Approach plates can be deceptive
Most instrument-rated pilots--and I'll bet a few instructors--have no idea that the missed approach point (MAP) shown on some approach charts can be distressingly far away from the real missed approach point. Further, the visibility requirements noted in the minima section may be wildly optimistic, as demonstrated the other day by one of my IFR students. "Whoa!" I exclaimed as my student began a sudden descent to the runway following a nonprecision approach to minimums. We were simulating a GPS approach where the MAP was at the runway end. I let him fly to within one-half mile of the approach end before raising his hood and waiting for what would happen next. As expected, the power came to idle, the flaps deployed, and the airplane pitched sharply downward as he attempted to land on the rapidly diminishing length of concrete below. After a go-around and landing, we retired to the classroom to chew on this.
Let's look at what is required to descend below MDA. According to FAR 91.175, we must have:
The required flight visibility;
At least one item associated with the runway environment, as defined in FAR 91.175(c)(3); and
A position from which we can make a normal descent and landing
It is this last one that causes the problem. Not every instrument instructor teaches his or her students how to calculate the required descent and the need to establish a practical MAP based on the realities of the approach to be flown, rather than just blindly accepting the published MAP location on the chart. Both VFR and IFR pilots are guilty of not figuring out when they need to begin descent in order to avoid arriving in the terminal area too high and too fast. The problem is exacerbated by the fact that many high-performance airplanes will not easily go down and slow down simultaneously.
But when it comes to the most critical part of the approach, many IFR pilots just accept the location of the MAP as shown on the approach chart, especially when it is at the approach end of the runway. The pilot arrives at the minimum descent altitude (MDA), levels off, and begins to search for the airport. In low visibility, the runway often appears suddenly out of the murk and the pilot tries to descend and land without realizing he or she is too high to complete the landing without some sort of dramatic maneuver involving lots of flaps, chopping of power, pushing over the nose, and increasing speed. None of this is in keeping with the idea of a stabilized approach, and such antics certainly don't meet the "normal descent and landing" requirements of FAR 91.175. Resulting difficulties include hurried descents, rushed decisions, runway overruns, and missed approaches.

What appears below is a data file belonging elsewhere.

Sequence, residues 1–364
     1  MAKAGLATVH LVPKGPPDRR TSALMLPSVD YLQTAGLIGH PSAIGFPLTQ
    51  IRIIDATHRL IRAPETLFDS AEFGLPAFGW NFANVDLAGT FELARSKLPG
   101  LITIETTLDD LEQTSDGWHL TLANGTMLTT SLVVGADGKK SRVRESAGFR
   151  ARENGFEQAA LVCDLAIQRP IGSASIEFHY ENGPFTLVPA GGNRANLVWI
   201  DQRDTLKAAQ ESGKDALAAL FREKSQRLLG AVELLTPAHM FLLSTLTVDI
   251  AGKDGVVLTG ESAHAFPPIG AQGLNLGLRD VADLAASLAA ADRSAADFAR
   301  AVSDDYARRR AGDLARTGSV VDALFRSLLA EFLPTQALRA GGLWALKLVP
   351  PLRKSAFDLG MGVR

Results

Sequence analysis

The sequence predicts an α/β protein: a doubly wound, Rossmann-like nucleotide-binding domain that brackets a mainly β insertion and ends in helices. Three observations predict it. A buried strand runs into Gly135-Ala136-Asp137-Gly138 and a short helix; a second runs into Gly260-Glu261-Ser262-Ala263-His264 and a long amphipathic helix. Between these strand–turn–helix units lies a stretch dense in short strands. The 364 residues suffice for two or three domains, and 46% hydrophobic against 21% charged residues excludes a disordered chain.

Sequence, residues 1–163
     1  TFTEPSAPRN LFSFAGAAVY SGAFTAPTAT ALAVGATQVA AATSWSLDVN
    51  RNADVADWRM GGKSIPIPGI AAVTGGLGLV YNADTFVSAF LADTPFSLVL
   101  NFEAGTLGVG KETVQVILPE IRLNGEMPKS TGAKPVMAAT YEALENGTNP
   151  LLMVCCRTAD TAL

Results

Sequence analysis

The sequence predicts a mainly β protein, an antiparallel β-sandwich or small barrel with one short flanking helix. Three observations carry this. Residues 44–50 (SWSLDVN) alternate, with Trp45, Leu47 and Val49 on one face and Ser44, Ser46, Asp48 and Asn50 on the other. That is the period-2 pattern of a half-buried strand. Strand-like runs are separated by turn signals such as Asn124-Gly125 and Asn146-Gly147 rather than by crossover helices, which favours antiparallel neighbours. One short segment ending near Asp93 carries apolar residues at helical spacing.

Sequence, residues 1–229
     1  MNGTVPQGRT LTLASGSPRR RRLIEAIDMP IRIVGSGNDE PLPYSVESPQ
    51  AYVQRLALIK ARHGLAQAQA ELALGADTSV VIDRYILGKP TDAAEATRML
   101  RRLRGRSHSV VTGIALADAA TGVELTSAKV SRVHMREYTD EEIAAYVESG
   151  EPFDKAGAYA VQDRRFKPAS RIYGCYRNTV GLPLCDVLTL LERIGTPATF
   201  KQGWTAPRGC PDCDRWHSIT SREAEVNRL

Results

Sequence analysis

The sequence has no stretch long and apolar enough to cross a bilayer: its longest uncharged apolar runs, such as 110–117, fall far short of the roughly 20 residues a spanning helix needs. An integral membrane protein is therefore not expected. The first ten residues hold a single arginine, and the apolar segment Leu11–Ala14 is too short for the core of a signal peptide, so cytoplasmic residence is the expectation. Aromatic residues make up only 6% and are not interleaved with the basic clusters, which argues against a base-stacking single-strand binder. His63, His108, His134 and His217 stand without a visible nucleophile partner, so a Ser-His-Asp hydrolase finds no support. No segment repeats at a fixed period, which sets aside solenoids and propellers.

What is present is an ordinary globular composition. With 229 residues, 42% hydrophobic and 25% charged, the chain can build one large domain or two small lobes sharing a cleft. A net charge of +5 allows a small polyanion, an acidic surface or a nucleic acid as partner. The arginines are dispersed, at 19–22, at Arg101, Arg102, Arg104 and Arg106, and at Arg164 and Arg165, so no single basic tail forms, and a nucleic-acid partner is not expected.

My student really never had a plan for the vertical part of the approach procedure, and I'll bet that the majority of other pilots don't, either. Shouldn't we be teaching that the MAP isn't always practical as printed, and that the visibility requirements may be just a wishful dream? This problem can exist on any nonprecision approach, but especially when the MAP is at the runway end. Factors to consider include the altitude between the final approach fix (FAF) and the MDA; the descent required to reach the runway; and the visibility, wind, and ceiling. In many GA aircraft, pilots fly approaches at 120 knots, which is two miles per minute. With a descent rate of 500 feet per minute, they lose approximately 250 feet per mile. If the approach requires a descent of 500 feet from the MDA to the runway, the pilot must see the landing environment at around two miles out to have any hope of completing the approach safely. Therefore, the practical MAP is two miles from the threshold, not at the runway end. This also means you need at least two miles of visibility to land, regardless of what the approach minimums call for.
The FAA is slowly improving many of the instrument approach procedures by specifying a visual descent point (VDP) at which the pilot should expect to see the runway and continue along a 3-degree glideslope to the threshold. (This point is marked with a bold "V" on the profile view on Jeppesen charts, and it must be observed if you have the capability of identifying the VDP.) By noting the distance remaining at the VDP, you can establish a realistic minimum visibility that should result in a safe and stable approach.
For a pilot making 120 knots on final, it's easy to figure out the real MAP by dividing the required altitude loss from the MDA to the touchdown zone by 300. The result is the distance in miles that you need to see the runway. This value may be somewhat conservative, but even if you adjust it for your particular rate of descent in feet per mile, it will still give you a way to avoid an ugly surprise and possible dangerous attempt to salvage a blown approach.
Ken Wittekiend, a CFII, co-owns Eagle Training Solutions in Burnet, Texas. He owns a Beech Bonanza and a Piper Super Cub, and with more than 8,100 hours in his logbook is still enthusiastically instructing full-time. He specializes in advanced IFR training and tailwheel proficiency.
CFI Roundtable slated for Expo
If you plan to attend AOPA Expo 2007 in Hartford, Connecticut, this October, please join us for AOPA Flight Training's annual CFI Roundtable. The meeting will be held Saturday, October 6, from 11 a.m. to noon in the Capital 1 room of the Marriott Hartford, which adjoins the convention center. Topics of discussion will include the sport pilot certificate, technically advanced aircraft, and AOPA's Project Pilot. For more information, e-mail Mike Collins.